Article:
Linus Pauling at Caltech - the Pauling Lab had published the model for the alpha helix in 1951, which earned him a Nobel Prize; the work was a pioneer in the use of X-ray crystallography and using the information to build molecular model, which became a foundational method to determine the structure of DNA
Just one year after figuring out the structure of the alpha helix, Linus Pauling took a crack at DNA. With very limited electron microscope data he correctly surmised that DNA’s structure must be helical since the images appeared cylindrical. Unfortunately, he didn’t have the best quality images and ended up proposing that DNA is a triple helix. Watson and Crick ended up having access to much better data. Fortunately for them, Franklin was an incredible crystallographer and was able to produce the most clear image of DNA at the time: Photo 51 (image below). What ended up driving Watson and Crick’s success and controversy was their extreme willingness to talk to a lot of people about research and working to put various pieces together to discover DNA’s structure - a double helix.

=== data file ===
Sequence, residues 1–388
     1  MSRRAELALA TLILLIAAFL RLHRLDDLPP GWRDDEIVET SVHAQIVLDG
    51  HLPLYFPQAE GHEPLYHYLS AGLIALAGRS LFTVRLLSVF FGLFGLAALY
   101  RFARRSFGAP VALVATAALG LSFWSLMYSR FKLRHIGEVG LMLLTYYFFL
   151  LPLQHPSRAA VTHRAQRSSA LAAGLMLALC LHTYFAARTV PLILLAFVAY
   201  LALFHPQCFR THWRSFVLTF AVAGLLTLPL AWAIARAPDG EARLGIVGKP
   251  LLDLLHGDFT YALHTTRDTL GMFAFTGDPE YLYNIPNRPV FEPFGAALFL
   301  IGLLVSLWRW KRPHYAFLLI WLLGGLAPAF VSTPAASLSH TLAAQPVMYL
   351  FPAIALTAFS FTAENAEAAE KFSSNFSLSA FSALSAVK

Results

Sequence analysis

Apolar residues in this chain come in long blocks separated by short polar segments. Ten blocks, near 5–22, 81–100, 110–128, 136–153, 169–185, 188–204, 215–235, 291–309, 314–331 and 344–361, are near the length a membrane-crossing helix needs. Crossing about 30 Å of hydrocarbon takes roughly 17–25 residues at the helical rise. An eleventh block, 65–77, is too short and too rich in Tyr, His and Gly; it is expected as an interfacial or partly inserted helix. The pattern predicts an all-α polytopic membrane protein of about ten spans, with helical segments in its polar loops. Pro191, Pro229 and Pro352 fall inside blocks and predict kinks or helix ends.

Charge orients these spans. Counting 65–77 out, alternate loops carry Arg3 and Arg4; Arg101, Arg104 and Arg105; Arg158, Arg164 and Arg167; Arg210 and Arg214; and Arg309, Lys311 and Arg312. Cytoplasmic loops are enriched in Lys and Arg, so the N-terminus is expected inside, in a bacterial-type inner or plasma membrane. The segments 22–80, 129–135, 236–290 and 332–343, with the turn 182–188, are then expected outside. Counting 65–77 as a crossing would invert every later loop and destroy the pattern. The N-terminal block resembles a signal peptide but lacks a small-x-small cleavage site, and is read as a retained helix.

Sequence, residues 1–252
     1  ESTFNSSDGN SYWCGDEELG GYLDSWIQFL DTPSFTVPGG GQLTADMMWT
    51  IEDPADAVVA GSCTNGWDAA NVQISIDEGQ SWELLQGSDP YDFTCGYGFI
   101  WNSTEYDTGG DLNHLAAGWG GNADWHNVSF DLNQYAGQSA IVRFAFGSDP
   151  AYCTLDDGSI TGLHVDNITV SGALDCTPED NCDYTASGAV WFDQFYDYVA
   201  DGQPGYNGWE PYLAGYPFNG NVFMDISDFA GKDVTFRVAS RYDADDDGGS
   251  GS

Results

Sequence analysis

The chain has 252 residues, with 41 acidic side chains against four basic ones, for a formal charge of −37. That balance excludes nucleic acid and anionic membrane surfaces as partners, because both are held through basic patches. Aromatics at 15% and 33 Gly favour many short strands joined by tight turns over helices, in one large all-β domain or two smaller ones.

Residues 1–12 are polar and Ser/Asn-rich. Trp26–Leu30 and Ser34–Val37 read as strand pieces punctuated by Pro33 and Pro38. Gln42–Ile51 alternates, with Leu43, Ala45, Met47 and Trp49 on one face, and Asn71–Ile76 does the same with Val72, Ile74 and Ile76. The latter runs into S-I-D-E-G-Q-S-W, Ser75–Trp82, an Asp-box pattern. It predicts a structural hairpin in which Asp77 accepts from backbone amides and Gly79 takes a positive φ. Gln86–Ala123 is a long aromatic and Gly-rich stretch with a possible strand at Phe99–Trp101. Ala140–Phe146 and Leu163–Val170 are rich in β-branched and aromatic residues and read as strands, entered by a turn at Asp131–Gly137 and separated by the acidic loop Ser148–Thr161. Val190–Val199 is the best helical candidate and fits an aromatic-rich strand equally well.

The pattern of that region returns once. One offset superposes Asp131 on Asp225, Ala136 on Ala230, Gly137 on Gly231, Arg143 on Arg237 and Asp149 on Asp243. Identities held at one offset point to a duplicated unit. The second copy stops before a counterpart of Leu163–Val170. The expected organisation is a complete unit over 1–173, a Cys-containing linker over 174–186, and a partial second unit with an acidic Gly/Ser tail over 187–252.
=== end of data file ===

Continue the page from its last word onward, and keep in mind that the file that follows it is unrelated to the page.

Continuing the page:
Photo 51 is the piece of data that ushered in a new era for life sciences. Watson and Crick were building various models of DNA. The breakthrough came when Wilkins showed Photo 51 to Watson in January 1953, this is a controversial event on whether Wilkins was acting ethically in sharing data; however, with a prepared mind Watson immediately went back to Cambridge to London to inform Crick. They immediately figured out that DNA must be a helix since the image is a cross where each arm is a plane of symmetry of the helix viewed from the side. With his expertise in the theory of X-ray crystallography, Crick was able to figure out the distance (~3.4 Ångstroms) and orientation between the bases within DNA by measuring the distance between the dark spots on the image. Watson was able to bring the insight that nucleotide bases matched via hydrogen bonds to maintain the helical structure of DNA. This work progressed rapidly, not withstanding Crick’s conservatism but desire not to be scooped, with the seminal paper on DNA’s structure published a few months later in April 1953.